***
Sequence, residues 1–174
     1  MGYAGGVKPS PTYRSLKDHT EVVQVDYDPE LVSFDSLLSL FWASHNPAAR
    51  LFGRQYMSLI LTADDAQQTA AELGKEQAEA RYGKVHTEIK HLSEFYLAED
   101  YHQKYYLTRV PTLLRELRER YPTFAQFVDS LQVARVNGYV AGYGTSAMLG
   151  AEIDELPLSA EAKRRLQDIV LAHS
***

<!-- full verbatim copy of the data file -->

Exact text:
Sequence, residues 1–174
     1  MGYAGGVKPS PTYRSLKDHT EVVQVDYDPE LVSFDSLLSL FWASHNPAAR
    51  LFGRQYMSLI LTADDAQQTA AELGKEQAEA RYGKVHTEIK HLSEFYLAED
   101  YHQKYYLTRV PTLLRELRER YPTFAQFVDS LQVARVNGYV AGYGTSAMLG
   151  AEIDELPLSA EAKRRLQDIV LAHS